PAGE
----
The American Enterprise Institute’s Frederick Hess and Grant Addison writing at National Review Online give the National Association of Scholars (NAS) credit for pointing out flaws in the College Board’s Advanced Placement European History (APEH) framework. But Hess and Addison are concerned that, after the College Board responded to our critique by making changes, NAS has continued to find significant fault with APEH.
This is familiar territory. A few years ago, NAS drew national attention to flaws in the College Board’s premiere AP framework, the one for U.S. history (APUSH). That framework had stood untouched for decades until the College Board issued a radical revision 2013. The College Board brushed off our criticisms for six months, but as pressure mounted decided in early 2015 that APUSH could stand some improvement.
The changes it made were largely although not entirely cosmetic. Among the most substantive alterations made in that round was restoring the American Founding as a topic in the year-long course on American history for high school juniors. That’s right. The College Board had launched a new curriculum on American history that minimized the importance of the American Founding. What were they thinking?
A History of Cosmetic Revisions to Defective Curricula
We were grateful for the College Board’s 2015 revisions to its 2013 APUSH framework, but mindful that the College Board had changed only the written framework, not the all-important exam that reflects the framework, not the supplementary teaching materials, and not the recommended textbooks. Moreover, the querulous spirit of the 2013 framework remained.
If all you knew of American history was what the College Board put into its 2015 revised framework, you would know that America has always been an aggressively exploitative country dominated by a grasping elite that heedlessly oppressed Native Americans, blacks, women, immigrants, workers, and children. The other details filtered into the framework were subordinate to this rancor.
No sooner had we pointed out the eye-washing than Wall Street Journal deputy editor Daniel Henninger published a column headlined, “Hey, Conservatives, You Won.” Henninger declared that the conservative reaction to APUSH had led to a great victory. The complaining should cease. The Wall Street Journal verdict went a long way towards taking the wind out of the sails of the we-need-deeper-reform movement. To be sure, that movement didn’t go away. We have been working quietly ever since to create an alternative to APUSH.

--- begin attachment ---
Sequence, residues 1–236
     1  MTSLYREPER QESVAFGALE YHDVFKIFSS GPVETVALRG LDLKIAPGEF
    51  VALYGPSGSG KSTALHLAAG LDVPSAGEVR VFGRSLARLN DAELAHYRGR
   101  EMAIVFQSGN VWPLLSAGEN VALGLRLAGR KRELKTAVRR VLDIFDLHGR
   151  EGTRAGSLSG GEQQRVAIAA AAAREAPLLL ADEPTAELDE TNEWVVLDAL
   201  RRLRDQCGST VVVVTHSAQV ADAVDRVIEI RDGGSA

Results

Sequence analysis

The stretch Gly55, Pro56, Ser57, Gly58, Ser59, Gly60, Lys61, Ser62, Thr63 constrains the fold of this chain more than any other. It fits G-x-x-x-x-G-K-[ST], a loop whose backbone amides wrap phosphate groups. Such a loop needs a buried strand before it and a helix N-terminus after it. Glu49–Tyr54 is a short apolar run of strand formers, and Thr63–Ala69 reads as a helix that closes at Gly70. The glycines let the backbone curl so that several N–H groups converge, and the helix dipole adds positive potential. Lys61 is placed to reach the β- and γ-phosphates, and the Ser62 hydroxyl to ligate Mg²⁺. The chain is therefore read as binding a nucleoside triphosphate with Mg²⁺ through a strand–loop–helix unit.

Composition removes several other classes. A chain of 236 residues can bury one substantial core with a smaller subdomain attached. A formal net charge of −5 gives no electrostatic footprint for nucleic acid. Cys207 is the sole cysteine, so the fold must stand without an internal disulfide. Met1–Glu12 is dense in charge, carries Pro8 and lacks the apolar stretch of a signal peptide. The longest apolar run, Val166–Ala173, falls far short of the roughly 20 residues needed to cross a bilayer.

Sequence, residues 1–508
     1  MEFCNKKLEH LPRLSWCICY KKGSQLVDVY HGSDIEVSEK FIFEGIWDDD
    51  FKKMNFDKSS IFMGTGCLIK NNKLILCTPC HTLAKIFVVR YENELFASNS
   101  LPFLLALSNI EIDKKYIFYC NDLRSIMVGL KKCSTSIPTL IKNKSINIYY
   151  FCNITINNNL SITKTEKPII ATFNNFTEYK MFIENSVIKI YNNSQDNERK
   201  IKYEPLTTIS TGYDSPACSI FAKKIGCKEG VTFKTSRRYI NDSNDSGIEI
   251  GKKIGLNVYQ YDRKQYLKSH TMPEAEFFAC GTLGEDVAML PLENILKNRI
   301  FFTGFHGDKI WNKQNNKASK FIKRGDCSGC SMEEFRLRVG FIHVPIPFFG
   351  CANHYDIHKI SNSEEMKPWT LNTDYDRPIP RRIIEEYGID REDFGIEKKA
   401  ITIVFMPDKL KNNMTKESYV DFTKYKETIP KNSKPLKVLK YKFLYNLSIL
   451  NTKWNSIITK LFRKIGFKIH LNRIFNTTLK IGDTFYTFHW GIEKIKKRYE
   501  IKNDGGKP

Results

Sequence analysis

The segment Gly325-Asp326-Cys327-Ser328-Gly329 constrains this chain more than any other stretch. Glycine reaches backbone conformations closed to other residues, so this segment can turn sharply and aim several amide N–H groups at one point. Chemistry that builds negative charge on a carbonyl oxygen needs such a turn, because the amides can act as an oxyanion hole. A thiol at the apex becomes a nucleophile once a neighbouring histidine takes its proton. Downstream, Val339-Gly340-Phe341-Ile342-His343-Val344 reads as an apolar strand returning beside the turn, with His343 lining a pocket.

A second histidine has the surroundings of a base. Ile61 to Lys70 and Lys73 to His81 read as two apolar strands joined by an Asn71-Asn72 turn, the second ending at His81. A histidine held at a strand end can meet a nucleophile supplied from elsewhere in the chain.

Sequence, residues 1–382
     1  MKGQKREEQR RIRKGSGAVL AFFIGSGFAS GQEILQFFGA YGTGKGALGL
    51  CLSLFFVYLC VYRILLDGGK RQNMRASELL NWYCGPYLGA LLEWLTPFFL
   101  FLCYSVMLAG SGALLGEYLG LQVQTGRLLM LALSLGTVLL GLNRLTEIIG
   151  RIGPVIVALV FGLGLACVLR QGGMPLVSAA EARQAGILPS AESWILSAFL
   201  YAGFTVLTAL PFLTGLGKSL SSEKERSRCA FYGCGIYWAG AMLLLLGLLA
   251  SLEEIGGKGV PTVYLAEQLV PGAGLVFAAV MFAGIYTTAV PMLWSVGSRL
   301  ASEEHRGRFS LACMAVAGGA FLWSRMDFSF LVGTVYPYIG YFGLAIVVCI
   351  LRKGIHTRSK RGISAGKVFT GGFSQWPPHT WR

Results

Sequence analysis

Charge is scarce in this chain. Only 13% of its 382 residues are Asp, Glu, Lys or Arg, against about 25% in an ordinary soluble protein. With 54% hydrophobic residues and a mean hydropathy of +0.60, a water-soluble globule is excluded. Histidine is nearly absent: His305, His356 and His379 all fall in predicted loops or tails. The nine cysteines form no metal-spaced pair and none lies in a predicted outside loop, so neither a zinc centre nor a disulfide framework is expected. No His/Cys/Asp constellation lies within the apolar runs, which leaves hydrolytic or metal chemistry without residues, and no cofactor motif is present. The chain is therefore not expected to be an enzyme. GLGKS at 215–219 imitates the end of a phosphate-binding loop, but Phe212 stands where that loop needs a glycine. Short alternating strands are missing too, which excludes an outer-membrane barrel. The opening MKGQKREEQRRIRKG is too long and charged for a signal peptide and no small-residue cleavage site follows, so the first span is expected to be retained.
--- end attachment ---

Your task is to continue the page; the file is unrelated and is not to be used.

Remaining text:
Why Henninger, and now Hess and Addison, think it is a good idea to give the College Board a high-five for half effort is a mystery to me. But let me return to the question about the 2013 APUSH: What were the architects of that framework thinking?
Same Problems, New Set of Curricula
The same question floats like a dark cloud over the AP European History curriculum. It was launched in fall 2015 and embodied the same biases as the 2013 APUSH. My colleague David Randall captured the spirit of those biases when he observed that College Board’s conception of a year-long course in European history found no room to mention the contributions of either Christopher Columbus or Winston Churchill.
Once again, the College Board heard us and proceeded to make changes. They found some room for Churchill. None, alas, for Columbus. That omission is all the stranger in view of the College Board’s emphasis on the colonial enterprises of European nations.
Writing a curriculum “framework” is no easy task, nor is critiquing one. The framework inevitably tells a story, and the decisions about which details to emphasize, which merely to mention, and which to omit reflect what kind of story is being told. The NAS critique, published as “The Disappearing Continent,” likewise had to follow the details the College Board selected while noting what had gone AWOL. The reader who wants the details can find them there. Here I will mention only the broad outlines.
Some Major Problems with European History Treatment
First, APEH treats European history starting in 1450. The cut-off date is at one level understandable. No single high school course can cover everything. But in this case, APEH leaves all of the classical world and the Middle Ages in obscurity. The Europe that APEH studies is a Europe without Homer, Plato, Virgil, Cicero, Augustine, Aquinas, and Dante. The course begins during the Renaissance, which was a “rebirth” of something or other. It is Europe without Alexander, Caesar Augustus, Constantine, Attila, and Charlemagne.